Mike Oldfield’s new album, Light And Shade

I’ve submitted the following review of Mike Oldfield’s new album, Light And Shade, to Amazon.

It’s rather depressing for me as a fan of most of Mike’s work to hear his output in recent times. As a musician myself, I can appreciate the effort that goes into producing an album of real music, and the little effort that goes into producing the likes of this album, composed on and performed for the main part by computer. Don’t get me wrong, I have no problems with computer-generated music per se, but I don’t get where Mike is coming from any more. We are talking about a guy who camped out in protest at the state of modern, computer-generated music (search the WWW to read the contemporary interviews), only to move Ibiza himself and absorb himself in the dance/trance fraternity a few years ago.

Maybe he wants to shun his old image and embrace a more youthful market, or maybe it’s just too damn easy for him to rely so heavily on computers now, sell an album which most of his existing fanbase (including me) will buy (and give a five-star rating, just because it is Mike), take the cash and go ride his Hayabusa; or maybe he’s become such a control-freak that he just can’t work with other musicians any more.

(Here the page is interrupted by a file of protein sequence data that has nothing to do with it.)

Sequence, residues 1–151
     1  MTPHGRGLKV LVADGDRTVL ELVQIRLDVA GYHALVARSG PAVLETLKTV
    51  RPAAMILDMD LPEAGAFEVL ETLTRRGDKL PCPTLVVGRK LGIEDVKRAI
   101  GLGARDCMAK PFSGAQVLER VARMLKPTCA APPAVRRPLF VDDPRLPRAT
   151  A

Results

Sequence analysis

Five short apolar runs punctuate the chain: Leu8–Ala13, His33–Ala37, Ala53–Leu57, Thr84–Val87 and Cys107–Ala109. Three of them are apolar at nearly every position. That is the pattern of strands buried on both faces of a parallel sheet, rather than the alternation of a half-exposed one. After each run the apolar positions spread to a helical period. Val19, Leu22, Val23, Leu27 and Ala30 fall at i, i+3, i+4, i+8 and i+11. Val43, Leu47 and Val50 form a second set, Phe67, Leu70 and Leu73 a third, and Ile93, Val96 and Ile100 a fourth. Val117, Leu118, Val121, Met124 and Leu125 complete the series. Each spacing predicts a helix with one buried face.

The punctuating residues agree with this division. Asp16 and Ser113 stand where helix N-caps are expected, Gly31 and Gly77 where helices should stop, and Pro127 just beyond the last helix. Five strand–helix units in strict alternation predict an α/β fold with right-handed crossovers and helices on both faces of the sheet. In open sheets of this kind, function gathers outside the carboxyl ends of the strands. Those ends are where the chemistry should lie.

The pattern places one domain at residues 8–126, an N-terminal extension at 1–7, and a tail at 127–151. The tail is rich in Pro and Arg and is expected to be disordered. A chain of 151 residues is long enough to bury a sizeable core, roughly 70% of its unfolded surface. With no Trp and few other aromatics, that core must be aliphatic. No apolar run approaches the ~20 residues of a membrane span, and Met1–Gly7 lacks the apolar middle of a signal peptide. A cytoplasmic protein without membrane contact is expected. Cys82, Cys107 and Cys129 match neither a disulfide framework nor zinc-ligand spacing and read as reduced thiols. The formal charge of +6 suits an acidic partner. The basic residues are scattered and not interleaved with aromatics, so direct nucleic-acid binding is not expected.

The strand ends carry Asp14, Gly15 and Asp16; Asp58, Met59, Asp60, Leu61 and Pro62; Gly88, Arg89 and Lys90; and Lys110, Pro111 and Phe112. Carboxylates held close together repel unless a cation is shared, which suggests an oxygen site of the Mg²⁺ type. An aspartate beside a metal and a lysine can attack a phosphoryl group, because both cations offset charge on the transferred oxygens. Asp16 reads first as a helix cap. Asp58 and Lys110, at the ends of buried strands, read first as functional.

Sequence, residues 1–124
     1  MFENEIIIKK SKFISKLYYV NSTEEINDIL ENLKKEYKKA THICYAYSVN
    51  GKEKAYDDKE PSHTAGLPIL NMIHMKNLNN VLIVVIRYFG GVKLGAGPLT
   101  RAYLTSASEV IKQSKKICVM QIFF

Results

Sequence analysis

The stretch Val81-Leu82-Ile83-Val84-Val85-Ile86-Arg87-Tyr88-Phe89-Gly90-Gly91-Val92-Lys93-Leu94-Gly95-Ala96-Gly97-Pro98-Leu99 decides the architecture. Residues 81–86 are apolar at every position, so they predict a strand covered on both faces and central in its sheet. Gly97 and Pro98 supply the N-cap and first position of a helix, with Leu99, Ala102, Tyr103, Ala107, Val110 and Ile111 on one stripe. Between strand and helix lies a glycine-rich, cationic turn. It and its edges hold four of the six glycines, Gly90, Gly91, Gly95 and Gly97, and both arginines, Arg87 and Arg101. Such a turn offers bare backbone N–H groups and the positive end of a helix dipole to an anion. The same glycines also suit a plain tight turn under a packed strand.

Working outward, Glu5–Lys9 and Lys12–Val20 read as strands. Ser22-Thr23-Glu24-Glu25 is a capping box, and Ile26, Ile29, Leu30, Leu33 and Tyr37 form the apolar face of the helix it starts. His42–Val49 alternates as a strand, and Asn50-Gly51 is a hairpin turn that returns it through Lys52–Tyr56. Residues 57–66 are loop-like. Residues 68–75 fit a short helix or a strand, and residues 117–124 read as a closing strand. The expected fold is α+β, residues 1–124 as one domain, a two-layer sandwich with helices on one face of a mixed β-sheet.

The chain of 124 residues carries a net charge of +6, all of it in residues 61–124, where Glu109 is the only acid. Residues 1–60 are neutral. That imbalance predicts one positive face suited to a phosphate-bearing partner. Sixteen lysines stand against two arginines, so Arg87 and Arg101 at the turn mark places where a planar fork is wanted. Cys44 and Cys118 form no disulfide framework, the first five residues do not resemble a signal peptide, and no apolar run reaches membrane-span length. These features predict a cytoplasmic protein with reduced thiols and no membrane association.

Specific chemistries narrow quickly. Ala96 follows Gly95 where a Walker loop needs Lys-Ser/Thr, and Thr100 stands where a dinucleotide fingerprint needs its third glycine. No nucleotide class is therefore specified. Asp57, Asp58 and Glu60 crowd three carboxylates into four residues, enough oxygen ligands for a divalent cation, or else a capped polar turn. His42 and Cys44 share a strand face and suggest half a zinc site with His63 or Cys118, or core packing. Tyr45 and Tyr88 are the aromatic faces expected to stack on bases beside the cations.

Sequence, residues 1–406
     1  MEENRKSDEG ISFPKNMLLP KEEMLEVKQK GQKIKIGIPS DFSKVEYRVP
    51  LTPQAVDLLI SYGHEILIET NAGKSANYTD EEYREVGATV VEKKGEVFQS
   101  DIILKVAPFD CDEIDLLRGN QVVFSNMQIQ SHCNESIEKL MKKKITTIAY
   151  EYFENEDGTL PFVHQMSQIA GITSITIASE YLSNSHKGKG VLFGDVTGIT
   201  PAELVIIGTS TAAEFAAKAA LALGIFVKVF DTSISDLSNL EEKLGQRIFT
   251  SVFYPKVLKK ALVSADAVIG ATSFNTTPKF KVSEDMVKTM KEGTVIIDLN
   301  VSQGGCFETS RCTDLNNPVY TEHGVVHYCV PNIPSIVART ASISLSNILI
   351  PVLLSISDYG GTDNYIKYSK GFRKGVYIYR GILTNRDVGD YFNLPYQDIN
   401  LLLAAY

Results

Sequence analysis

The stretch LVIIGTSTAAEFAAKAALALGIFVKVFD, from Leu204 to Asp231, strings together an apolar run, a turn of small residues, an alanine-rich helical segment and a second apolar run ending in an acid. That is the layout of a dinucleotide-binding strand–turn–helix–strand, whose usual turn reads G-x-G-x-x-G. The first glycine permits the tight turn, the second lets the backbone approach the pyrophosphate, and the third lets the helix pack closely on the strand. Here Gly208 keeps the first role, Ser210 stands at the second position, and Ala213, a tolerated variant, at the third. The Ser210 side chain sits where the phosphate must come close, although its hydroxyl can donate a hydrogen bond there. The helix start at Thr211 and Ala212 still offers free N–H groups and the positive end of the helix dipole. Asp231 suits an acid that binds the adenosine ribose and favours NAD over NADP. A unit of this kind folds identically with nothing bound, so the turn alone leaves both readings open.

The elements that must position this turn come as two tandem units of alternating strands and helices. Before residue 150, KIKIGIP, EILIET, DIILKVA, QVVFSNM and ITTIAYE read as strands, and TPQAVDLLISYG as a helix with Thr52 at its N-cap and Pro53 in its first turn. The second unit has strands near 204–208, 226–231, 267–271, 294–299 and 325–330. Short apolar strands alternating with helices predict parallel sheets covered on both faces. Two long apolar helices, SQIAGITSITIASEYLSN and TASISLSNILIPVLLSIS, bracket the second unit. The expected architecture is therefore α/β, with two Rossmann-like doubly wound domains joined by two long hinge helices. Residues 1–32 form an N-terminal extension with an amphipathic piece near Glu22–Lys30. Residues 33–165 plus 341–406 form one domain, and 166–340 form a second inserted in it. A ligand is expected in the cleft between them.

Whatever the reason for his forays into trance-type music, I think this’ll be the last album of his that I buy (he said, in the full and certain knowledge that it won’t be).

Where’s the Mike we heard on Hergest Ridge, Ommadawn, 5 Miles Out, Amarok, to name but a few? Many of his fans admired his music for its interest and refusal to conform to what Virgin wanted from him, and frankly, even his 1980s ‘pop’ albums under Virgin (which many fans didn’t like, but I did) were great in comparison to his recent stuff. I am only 34 and have no problems with computer-generated music, but quite frankly, anyone with a copy of Cubase, some VST plugins and a small amount of musical talent can approximate Mike’s recent output. Simply put, I mourn the artistic death of a once great (and principled) talent, and releasing an album with a track whose title contains the words ‘fruity loops’ does what it says on the tin. We won’t mention the version of ‘Romance’ on the second disk.

One redeeming feature is the Umyx multimedia stuff on the first disk, which is quite a nice novelty for people who think that muting track sections and changing volume levels, sorry, ‘mixing’, approaches some kind of musical talent. It’s cute, though, so I’m not going to knock it.

Still, he’s rich and I’m not, so what do I know? Please though, Mike: pick up a mandolin, Solina string machine, timpani and an acoustic guitar and write some organic, breathing music again. What a pity.

Sums it up really. A poor effort from a bloke who used to do some great albums.